So if we want to visualize something very concrete, everybody started to produce empty wooden boxes, the only variation was a size. Today we call them different styles of aikido. Naturally Founder supposed that every instructor, like him, will fill up this box with his own development, but today such development is impossible, because of the uniformity of the behavior.

Other key element - teacher - student transmission became impossible thanks to increasing membership of the dojo. In fact, already with 30 - 50 students such transmission is highly improbable. And there are the dojos with much higher number of students!

Also, almost all aikido instructors today have daily jobs outside of aikido. If you add to that a teaching in the dojo, family, they have absolutely no time for their own development. So they are becoming the empty boxes, hardly preserving a form of techniques.

There is not much hope in this situation.

Nagababa

ask for divine protection Ame no Murakumo Kuki Samuhara no Ryuo
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Old 06-07-2010, 02:22 PM   #14
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Re: Ki Aikido - quote from Gleason Sensei

So much of the evolution of this issue deals with semantics and politics. Usually, when lines are drawn in the sand, neither side is 100% right, and neither is 100% wrong. But the Japanese way of dealing with controversy doesn't soothe the wounds, it often makes them worse, and I suspect that, despite the efforts of many people to close the gaps, we will see a continuation of the status quo for some time (only my opinion, so take it for what it's worth...).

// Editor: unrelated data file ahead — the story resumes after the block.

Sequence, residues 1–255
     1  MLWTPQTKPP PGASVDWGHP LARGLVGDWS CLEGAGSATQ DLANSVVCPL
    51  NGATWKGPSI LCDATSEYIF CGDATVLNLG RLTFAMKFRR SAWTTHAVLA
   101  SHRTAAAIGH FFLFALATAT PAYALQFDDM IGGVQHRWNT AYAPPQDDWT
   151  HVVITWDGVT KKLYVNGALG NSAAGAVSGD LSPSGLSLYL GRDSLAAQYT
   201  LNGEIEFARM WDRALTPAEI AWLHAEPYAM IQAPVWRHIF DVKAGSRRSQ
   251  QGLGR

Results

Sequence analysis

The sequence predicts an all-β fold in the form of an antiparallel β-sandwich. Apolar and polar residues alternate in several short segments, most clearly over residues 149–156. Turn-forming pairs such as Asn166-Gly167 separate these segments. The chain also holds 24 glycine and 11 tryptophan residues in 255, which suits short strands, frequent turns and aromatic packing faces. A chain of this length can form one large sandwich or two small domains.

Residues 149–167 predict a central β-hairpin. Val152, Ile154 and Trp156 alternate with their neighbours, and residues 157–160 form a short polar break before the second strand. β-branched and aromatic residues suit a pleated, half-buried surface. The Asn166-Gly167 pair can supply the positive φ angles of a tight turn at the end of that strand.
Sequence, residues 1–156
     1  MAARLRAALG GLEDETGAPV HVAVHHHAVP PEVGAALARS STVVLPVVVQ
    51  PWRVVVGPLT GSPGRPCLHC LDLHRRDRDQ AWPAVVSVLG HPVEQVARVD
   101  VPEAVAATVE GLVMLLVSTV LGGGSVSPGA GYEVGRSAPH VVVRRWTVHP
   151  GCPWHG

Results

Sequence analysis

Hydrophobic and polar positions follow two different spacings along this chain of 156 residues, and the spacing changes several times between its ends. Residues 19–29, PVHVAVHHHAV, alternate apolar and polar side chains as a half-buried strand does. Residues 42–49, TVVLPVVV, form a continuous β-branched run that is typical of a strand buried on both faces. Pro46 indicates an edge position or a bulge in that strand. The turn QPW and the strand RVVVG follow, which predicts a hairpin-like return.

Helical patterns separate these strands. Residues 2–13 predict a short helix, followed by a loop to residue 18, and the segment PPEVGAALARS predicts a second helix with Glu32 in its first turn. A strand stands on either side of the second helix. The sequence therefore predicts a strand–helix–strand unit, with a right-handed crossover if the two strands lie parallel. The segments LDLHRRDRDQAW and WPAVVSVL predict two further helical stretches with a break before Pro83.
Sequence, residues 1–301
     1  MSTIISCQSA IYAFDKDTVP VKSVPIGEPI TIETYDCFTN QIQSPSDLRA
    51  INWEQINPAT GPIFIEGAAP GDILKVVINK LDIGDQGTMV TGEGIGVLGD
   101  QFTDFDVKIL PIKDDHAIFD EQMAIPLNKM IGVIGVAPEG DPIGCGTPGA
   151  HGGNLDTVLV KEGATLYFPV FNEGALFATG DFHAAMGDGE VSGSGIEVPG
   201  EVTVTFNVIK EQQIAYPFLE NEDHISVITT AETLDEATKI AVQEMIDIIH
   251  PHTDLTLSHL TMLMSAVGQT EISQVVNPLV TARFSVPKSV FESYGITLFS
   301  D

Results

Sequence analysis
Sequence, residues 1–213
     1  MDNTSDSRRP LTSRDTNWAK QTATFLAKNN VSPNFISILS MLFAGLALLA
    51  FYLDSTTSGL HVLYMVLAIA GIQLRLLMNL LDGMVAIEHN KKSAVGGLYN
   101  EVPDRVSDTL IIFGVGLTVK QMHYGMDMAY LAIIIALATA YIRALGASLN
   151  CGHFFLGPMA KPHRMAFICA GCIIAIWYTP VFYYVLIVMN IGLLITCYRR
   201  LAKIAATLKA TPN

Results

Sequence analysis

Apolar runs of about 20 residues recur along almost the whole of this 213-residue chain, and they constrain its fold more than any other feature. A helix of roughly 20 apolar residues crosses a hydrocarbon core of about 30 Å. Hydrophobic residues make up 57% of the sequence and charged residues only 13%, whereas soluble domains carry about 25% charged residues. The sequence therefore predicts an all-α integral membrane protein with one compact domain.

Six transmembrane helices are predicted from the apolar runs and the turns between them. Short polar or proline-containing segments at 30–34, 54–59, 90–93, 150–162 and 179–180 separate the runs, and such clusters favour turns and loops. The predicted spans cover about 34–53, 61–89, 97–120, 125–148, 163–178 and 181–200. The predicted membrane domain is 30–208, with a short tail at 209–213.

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Old 06-08-2010, 02:38 AM   #15
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Re: Ki Aikido - quote from Gleason Sensei

Quote:
Daren Sims wrote: View Post
Actually I'd say the definition is narrower. Those that broaden the definition call things Aikido when to me they aren't.

Including the training itself.

Loosely ...Training is the activities undertaken to learn to change the body and mind and in time to co-ordinate the two
So (the goal of) aikido is the coordination of body and mind? If I achieve this through training in e.g. singing, then I'm performing aikido?
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Old 06-08-2010, 03:23 AM   #16
Dazzler
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Re: Ki Aikido - quote from Gleason Sensei

Quote:
Joep Schuurkes wrote: View Post
So (the goal of) aikido is the coordination of body and mind? If I achieve this through training in e.g. singing, then I'm performing aikido?
If you can do so within a martial framework then maybe yes! Perhaps you could call it kotadama....

Heres an idea...why don't you tell us what was missing in Toheis Aikido that is present in say Tamura's.

Or vice-versa?

Training methodology are definitely different ..could you share how the end product is different?

Regards

D
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Old 06-08-2010, 03:37 AM   #17